The Red Book fails dismally with its exotic stereotypes of India and its unlikeable characters...

If you think the ‘India as exotica' novel is a thing of the past, think again. If the Brits did it for centuries and if the Indian English novelist took over so admirably, from novels called The Romantics to ones with saris, guavas, arranged marriages and sari shops in their titles, why shouldn't the Australians hop on as well? So, Meaghan Delahunt writes The Red Book which is a collage of bad photographs as sentences, Buddhist mumbo-jumbo, deaths that are forms of communication with other worlds, hijras with pink hibiscus in their hair and the Bhopal gas tragedy as the framing nightmare and we are asked to be stunned into silence.

Lazily assembled

The book took me months to read and not only because of all this insufferable exotica but because, principally, it is so badly written. Each section opens with a scene described in a bad brushstroke, a scene like a Raghu Rai photo. But while Rai's photos have, on occasion, something to say, the chapters that follow each of these sections do not. They are just endless assemblages of local Indian colour. Further, the novel has three protagonists – a Scottish drunkard and monk, a Tibetan Buddhist monk and an Australian photographer, but somehow it does not really matter, as they all sound like one person. There is no variation in tone, in tenor, in the colour of the writing (and I don't mean to beat that dead horse of authenticity – I'm not complaining that the Buddhist person who barely knows English sounds like a Brit (he actually just sounds like the other two protagonists) – I'm asking, why couldn't we just have one protagonist as the other two are so unconvincing? The writing is all abbreviated sentences, as though the author is aware that all this has been done before and she wants to get on with it past the exotica.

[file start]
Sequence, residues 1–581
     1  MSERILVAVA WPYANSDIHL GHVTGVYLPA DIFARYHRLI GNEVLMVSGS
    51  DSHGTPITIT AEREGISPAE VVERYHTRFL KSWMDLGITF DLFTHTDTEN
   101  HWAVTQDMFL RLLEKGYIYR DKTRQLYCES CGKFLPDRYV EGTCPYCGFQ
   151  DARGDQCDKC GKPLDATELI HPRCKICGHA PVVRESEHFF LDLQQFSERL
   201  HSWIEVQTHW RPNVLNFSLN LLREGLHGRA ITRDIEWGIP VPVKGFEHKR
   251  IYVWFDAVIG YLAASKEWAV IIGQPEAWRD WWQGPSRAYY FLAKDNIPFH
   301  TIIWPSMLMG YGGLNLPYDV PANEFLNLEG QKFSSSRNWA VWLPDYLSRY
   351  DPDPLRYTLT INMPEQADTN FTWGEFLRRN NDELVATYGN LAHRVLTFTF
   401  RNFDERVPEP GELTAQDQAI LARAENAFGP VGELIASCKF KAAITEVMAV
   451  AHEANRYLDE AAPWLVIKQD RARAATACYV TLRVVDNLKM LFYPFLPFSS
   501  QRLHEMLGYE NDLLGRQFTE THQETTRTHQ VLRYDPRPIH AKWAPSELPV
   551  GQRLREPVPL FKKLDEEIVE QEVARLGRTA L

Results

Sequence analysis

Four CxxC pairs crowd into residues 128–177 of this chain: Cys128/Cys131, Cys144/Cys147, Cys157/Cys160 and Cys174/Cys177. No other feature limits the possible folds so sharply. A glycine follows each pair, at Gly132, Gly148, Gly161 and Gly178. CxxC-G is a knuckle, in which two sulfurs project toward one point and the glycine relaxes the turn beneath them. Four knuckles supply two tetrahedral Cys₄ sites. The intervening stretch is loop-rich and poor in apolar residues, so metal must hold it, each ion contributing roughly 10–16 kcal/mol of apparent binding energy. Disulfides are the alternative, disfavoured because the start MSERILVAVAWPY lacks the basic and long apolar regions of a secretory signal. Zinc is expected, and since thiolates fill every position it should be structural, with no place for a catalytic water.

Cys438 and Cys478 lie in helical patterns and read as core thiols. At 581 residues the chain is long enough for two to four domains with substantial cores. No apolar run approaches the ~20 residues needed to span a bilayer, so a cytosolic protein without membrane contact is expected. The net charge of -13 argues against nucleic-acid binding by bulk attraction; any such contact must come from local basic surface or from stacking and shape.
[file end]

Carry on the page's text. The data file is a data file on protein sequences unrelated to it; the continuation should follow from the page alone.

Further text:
Problem is, she never gets past it. If the novel opens with this epigraph – “She chooses the photographs, places them in an album and binds them in red fabric. The photographs speak of India, of different people and places; they span continents and time. To touch an album is to put it back into motion; to turn the pages is an ongoing story” – you know you are in for a bad time. To make matters worse, this is what Granta has to say in the inside flap of the novel: “It captures the irresistible lure of India for outsiders and its complex spiritual and political history. Written in vivid, imaginative and resonant language, it is a meditation on relations between East and West, on personal and collective responsibility, and of ways of being in the world.”

The irresistible lure, I'm afraid, comes in the way of personal or collective responsibility. Bhopal becomes nothing more than dramatic backdrop for more bad pictures (as if there aren't enough) till it begins to feel like an insult, like a gross act of irresponsibility. It is difficult for the reader to begin to care for any of the protagonists, not just because they all sound like each other, you feel they are welcome to each other; none of their angst and interpersonal shit (the Scottish monk and the Australian photographer are lovers who don't make it, though like good heteros they make a baby while they are at it) really makes one feel like one cares.

Poor craft

Indeed, it's hard to like the central protagonist, who is clearly the Australian photographer, if only because she hogs most of the book, including the guys' sections. She is a really bad photographer if what inspires her to whip out her camera is anything to go by and we get no sense of her interiority and what she's holding back; and what's she all messed up about for us to tolerate her weird behaviour through the book. Given that the men are so badly sketched, it's even more difficult to relate to them, especially Naga, the Tibetan monk, who only seems like a foil to these two messed up white folk.

Indeed, it seems like India, the Bhopal gas tragedy, gas victims dying, hijras, Indian trains, the weather, you name it, are all foils to the antics of these two deeply uninteresting white folk. This makes the only protagonist one relates to the bilious, bigoted and wonderfully racist old sardar landlord in the book, but he too succumbs to the mumbo jumbo in the end and then it's time to call it a day.

The Red Book; Meaghan Delahunt; Granta; Price Unknown.

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